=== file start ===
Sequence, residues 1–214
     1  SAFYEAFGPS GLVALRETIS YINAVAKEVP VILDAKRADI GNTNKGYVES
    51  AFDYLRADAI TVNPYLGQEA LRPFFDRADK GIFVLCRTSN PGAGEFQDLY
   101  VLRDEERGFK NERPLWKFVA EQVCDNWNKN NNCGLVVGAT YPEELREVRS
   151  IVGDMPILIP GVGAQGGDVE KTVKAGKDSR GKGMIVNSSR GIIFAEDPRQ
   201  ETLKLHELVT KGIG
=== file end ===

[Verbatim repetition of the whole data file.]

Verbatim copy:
Sequence, residues 1–214
     1  SAFYEAFGPS GLVALRETIS YINAVAKEVP VILDAKRADI GNTNKGYVES
    51  AFDYLRADAI TVNPYLGQEA LRPFFDRADK GIFVLCRTSN PGAGEFQDLY
   101  VLRDEERGFK NERPLWKFVA EQVCDNWNKN NNCGLVVGAT YPEELREVRS
   151  IVGDMPILIP GVGAQGGDVE KTVKAGKDSR GKGMIVNSSR GIIFAEDPRQ
   201  ETLKLHELVT KGIG